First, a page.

The LAO found that of the 2,700 OTDs the commission has required since 1977, 40% have never been accepted, and the commission does not even know the status of another 233. Moreover, about 80 OTDs are scheduled to expire every year through 2008.
In its mid-January report, the LAO recommended that the Legislature:
o Direct the commission to report by January 1, 2006, on the status, location and expiration date of all outstanding OTDs.
o Require the commission, in conjunction with the State Lands Commission and the State Coastal Conservancy, to develop a detailed plan for accepting, developing and opening all outstanding OTDs.
o Require that the Coastal Conservancy accept responsibility for public accessways that are required in the future, at least until a third party is found to take permanent responsibility.
o Demand the payment up front of an impact fee to cover the future capital costs related to an OTD.
o Raise coastal development permit fees and dedicate the money to the maintenance and operation of easements.
The LAO also urged the Commission, whenever possible, to demand up front mitigation. The LAO pointed to the San Francisco Bay Development Commission, which does not use OTDs as a mitigation tool.
The Coastal Commission appeared to welcome report, and state Sen. John Laird (D-Santa Cruz) appeared ready to carry at least some of the recommended legislation. The LAO report, “Improving Coastal Access and Development Mitigation,” is available at www.lao.ca.gov.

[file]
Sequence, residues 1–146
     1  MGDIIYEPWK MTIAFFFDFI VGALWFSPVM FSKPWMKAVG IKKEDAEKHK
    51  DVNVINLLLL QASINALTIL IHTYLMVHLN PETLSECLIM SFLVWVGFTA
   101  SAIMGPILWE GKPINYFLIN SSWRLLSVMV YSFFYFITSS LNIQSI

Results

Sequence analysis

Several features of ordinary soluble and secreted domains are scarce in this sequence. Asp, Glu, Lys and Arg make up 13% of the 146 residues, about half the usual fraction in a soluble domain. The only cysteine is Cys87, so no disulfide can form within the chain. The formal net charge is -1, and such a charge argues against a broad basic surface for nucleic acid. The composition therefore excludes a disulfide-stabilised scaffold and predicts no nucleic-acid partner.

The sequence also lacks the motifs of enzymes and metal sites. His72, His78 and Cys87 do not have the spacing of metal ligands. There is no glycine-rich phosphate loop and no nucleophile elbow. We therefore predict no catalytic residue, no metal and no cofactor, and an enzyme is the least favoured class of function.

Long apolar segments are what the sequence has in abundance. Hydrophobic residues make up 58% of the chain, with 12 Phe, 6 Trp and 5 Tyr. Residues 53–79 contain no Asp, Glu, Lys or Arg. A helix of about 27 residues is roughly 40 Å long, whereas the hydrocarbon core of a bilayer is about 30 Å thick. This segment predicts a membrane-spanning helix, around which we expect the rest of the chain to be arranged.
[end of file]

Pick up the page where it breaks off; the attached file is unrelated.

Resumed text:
NOT OFTEN DOES A GENERAL PLAN PROCESS receive the scrutiny of a grand jury, but the Monterey County grand jury had few good things to say about the county's general plan update in a report released in January.
The grand jury found, “The Board of Supervisors employed a laid back, wait and see attitude in the development of the general plan. It failed to provide guidance and direction up front which may have saved time and funds. The Board of Supervisors and the CAO [county administrative office] have allowed special interest groups to have undue influence.”
The grand jury also reported, “The land use and planning objectives of and for the county are outdated, confusing and frequently changing, according to the supervisors and administration.”
Supervisors and the CAO must respond formally by April. After spending nearly five years and $5 million on a general plan update, the county last year scrapped much of a draft general plan and installed a new general plan team (see CP&DR Local Watch, July 2004).
The grand jury's report is available at www.monterey.courts.ca.gov/grand_jury.html.